The Interpreter: 13 March 2015
For many Australians, Laos is a scenic, off-the-beaten path, holiday destination for adventurous travellers.
Relatively few know that it’s also a repressive one-party state with a long record of restricting basic rights, and imprisoning or forcibly disappearing critics or citizens who dare to form groups or hold protests without government permission.
Last week, Australia had a chance to throw light on Laos’ darker side when on 5 March, Canberra hosted officials from Vientiane for the fourth bilateral human rights dialogue. The dialogue, held in Australia for the first time, is part of Canberra’s assistance to the Lao Government, intended to improve its human rights record. However, given the intensifying crackdown on fundamental rights, the Lao Government’s commitment to reform appears dubious at best.
To ensure that this dialogue doesn’t become an exercise in empty rhetoric, the Australian Government should work with its Lao counterparts to set concrete measurable benchmarks for reform, and publicly commit to them. Continue reading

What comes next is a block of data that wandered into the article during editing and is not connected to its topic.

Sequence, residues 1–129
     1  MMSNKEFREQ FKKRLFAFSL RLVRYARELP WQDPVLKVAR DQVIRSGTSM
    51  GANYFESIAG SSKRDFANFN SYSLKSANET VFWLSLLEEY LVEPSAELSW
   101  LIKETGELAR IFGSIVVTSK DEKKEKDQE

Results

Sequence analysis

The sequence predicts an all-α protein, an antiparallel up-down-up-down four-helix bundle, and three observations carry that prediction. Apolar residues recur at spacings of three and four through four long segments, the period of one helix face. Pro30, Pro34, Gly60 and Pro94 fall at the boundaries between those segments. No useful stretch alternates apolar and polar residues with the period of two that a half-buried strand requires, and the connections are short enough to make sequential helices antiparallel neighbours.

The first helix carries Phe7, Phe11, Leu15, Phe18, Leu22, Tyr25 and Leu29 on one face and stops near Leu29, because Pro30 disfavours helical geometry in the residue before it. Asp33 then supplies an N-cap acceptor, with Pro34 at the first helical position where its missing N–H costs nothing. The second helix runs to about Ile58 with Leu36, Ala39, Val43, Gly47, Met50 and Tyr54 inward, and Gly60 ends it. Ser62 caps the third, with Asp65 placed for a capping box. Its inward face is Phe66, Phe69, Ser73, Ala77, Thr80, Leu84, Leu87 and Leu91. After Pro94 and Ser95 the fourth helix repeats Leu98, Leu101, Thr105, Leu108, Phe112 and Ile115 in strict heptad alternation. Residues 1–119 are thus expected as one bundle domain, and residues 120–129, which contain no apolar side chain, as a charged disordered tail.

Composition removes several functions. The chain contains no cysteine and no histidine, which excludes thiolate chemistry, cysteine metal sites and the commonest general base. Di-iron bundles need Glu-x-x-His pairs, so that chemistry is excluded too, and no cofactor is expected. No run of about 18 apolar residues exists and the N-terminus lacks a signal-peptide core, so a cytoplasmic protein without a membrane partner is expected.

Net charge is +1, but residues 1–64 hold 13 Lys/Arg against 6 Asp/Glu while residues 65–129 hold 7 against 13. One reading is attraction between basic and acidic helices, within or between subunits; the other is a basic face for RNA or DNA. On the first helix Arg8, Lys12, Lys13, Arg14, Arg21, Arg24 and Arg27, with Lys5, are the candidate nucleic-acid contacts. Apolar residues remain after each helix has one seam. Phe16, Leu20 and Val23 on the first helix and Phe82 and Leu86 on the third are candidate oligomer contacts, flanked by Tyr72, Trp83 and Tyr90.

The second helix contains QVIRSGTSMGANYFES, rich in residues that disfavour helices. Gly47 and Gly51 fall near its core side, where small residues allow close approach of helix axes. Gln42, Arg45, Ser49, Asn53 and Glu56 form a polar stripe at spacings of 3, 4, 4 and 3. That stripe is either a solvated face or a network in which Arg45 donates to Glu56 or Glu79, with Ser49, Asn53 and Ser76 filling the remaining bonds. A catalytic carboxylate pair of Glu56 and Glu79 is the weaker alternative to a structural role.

Senator, the Hon Bob Carr
Minister of Foreign Affairs
Level 10, Bligh House
4 – 6 Bligh Street, Sydney NSW 2000
Fax 02 9228 3655
Monday 4 February 2013
We are writing to express our profound concern about the disappearance of respected Lao development leader, Mr. Sombath Somphone.
Sombath is the founder and former director of the Participatory Development Training Centre, a winner of the Magsaysay award and a tireless worker for sustainable development and improving the livelihoods of people in rural Laos.
Sombath was last seen by his wife who was driving ahead of him, on the evening of December 15th in the Lao capital Vientiane, as the couple returned home in separate cars. CCTV footage released by the Lao police shows Sombath stopping at a police post and leaving his vehicle. The footage then shows his jeep being taken away by someone else. He was next seen getting into a pick up truck with two other men and being driven away.
His family has had no contact from him since.
The only official comment on the matter made by the Lao Government so far has been to deny Sombath is in police custody and any knowledge of his whereabouts, and to speculate he could have been the target of a kidnapping. Continue reading